Fiction New (and Like New!)


The first new books for the year are in! Included in this month’s selection is Becky Manawatu’s debut novel Auē. Auē has been called a “contemporary story of loss, grief and domestic violence – but also of hope” and has been getting some great feedback. Check out RNZ’s interview with Manawatu here, and a preview of the first chapter via The Spinoff here.

Also in: re-releases, including the combined works of Giorgio Bassani with The Novel of Ferrara and the first English language edition of Irina Odoyevtseva’s Isolde. And of course there’s also a great range of page-turning summer reads, including Danielle Steel’s Spy: a Novel and Westwind by Ian Rankin. Enjoy!

Auē / Manawatu, Becky
“Taukiri was born into sorrow. Auē can be heard in the sound of the sea he loves and hates, and in the music he draws out of the guitar that was his father’s. It spills out of the gang violence and the shame he feels about abandoning his eight-year-old brother to another violent home. But Arama is braver than he looks, and he has a friend and his friend has a dog, and the three of them together might just be strong enough to turn back the tide of sorrow.” (Adapted from the Catalogue)

The novel of Ferrara / Bassani, Giorgio
“Set in the Italian town of Ferrara, these six interlocking stories present a world of unforgettable characters: the doctor whose homosexuality is tolerated until he is humiliatingly exposed by a scandal; a survivor of the Nazi death camps whose neighbors’ celebration of his return gradually turns to ostracism; a man who has never recovered from the wounds inflicted in youth. Above all, the city itself assumes a character and a voice, deeply inflected by the Jewish community to which the narrator belongs.” (Adapted from the Catalogue)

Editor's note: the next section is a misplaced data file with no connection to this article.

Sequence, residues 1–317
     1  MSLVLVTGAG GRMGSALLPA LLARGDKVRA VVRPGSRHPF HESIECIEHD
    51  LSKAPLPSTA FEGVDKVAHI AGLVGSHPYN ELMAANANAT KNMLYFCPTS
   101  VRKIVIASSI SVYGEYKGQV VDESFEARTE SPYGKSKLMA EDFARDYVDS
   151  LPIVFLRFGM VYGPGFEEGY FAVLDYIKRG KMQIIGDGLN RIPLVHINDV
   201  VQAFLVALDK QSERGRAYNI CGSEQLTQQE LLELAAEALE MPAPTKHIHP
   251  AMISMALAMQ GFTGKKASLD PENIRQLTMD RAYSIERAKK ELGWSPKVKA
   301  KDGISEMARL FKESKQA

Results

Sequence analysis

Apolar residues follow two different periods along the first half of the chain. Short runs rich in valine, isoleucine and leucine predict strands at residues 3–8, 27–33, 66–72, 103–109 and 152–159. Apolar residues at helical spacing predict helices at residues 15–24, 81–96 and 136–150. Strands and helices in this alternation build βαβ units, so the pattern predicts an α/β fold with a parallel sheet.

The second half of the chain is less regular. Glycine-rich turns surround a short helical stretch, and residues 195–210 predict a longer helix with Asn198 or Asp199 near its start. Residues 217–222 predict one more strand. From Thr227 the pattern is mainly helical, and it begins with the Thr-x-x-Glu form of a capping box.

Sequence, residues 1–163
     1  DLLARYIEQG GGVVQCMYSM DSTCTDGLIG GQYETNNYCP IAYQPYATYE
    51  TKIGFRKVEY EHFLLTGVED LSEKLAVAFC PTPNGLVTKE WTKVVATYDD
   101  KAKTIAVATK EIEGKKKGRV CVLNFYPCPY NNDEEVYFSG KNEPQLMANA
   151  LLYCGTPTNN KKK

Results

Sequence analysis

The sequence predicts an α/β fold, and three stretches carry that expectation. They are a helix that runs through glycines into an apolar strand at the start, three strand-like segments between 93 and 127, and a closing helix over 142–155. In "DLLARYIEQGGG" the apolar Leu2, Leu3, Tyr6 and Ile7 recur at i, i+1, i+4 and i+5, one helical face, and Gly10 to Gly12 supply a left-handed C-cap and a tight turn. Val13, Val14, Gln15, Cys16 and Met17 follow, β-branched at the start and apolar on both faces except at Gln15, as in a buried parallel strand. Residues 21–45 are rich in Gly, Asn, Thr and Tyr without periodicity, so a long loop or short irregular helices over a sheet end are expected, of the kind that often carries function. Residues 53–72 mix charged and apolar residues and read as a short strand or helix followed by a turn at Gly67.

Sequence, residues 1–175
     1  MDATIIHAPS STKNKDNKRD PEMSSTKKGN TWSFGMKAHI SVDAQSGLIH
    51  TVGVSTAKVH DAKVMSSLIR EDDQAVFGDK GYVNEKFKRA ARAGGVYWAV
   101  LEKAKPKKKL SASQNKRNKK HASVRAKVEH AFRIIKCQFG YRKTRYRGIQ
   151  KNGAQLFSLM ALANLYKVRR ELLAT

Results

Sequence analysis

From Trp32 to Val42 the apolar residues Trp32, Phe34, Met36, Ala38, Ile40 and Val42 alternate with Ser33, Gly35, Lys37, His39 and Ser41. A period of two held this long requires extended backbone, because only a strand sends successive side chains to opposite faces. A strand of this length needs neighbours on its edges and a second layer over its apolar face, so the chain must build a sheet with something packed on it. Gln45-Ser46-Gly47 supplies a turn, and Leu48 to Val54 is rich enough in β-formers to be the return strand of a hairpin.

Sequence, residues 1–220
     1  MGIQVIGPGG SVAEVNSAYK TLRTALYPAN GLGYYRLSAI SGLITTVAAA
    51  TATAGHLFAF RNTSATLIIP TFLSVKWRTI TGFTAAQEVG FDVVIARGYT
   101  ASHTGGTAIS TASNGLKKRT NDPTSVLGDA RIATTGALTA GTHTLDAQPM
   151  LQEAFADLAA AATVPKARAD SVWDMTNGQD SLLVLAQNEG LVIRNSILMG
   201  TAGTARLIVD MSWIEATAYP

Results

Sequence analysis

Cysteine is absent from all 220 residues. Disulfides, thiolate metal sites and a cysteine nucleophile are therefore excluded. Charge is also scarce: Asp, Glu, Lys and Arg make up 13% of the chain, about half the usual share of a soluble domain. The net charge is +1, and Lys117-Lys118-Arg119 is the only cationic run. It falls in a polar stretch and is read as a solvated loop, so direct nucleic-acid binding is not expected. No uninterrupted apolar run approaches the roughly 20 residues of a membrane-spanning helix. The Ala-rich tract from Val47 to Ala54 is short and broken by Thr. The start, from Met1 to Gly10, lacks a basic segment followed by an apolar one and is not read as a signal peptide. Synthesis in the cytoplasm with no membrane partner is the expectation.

I am God / Sartori, Giacomo
I am God. Have been forever, will be forever. Forever, mind you, with the razor-sharp glint of a diamond, and without any counterpart in the languages of men. So begins God’s diary of the existential crisis that ensues when, inexplicably, he falls in love with a human. And not just any human, but a geneticist and fanatical atheist who’s certain she can improve upon the magnificent creation she doesn’t even give him the credit for. It’s frustrating, for a god…” (Adapted from the Catalogue)

Westwind / Rankin, Ian
“After his friend suspects something strange going on at the launch facility where they both work–and then goes missing–Martin Hepton doesn’t believe the official line of “long-term sick leave”. He leaves his old life behind, aware that someone is shadowing his every move. The only hope he has is his ex-girlfriend Jill Watson–the only journalist who will believe his story. But neither of them can believe the puzzle they’re piecing together–or just how shocking the secret is that everybody wants to stay hidden…” (Adapted from the Catalogue)

Hunter’s moon : a novel in stories / Caputo, Philip
Hunter’s Moon is set in Michigan’s wild, starkly beautiful Upper Peninsula, where a cast of recurring characters move into and out of each other’s lives, building friendships, facing loss, confronting violence, trying to bury the past or seeking to unearth it. Once-a-year lovers, old high-school buddies on a hunting trip, a college professor and his wayward son, a middle-aged man and his grief-stricken father, come together, break apart, and, if they’re fortunate, find a way forward.” (Adapted from the Catalogue)

This is yesterday / Ruane, Rose
“Alone and adrift in London, Peach is heading into her mid-forties with nothing to show for her youthful promise but a stalled art career and the stopgap job in a Mayfair gallery that she’s somehow been doing for a decade. She is too young to feel this tired, and far too old to feel this lost. When Peach is woken one night with news that her father, who has Alzheimer’s disease, is in intensive care, she can no longer outrun the summer of secrets and sexual awakenings that augured twenty-five years of estrangement from her family.” (Adapted from the Catalogue)

In love with George Eliot : a novel / O’Shaughnessy, Kathy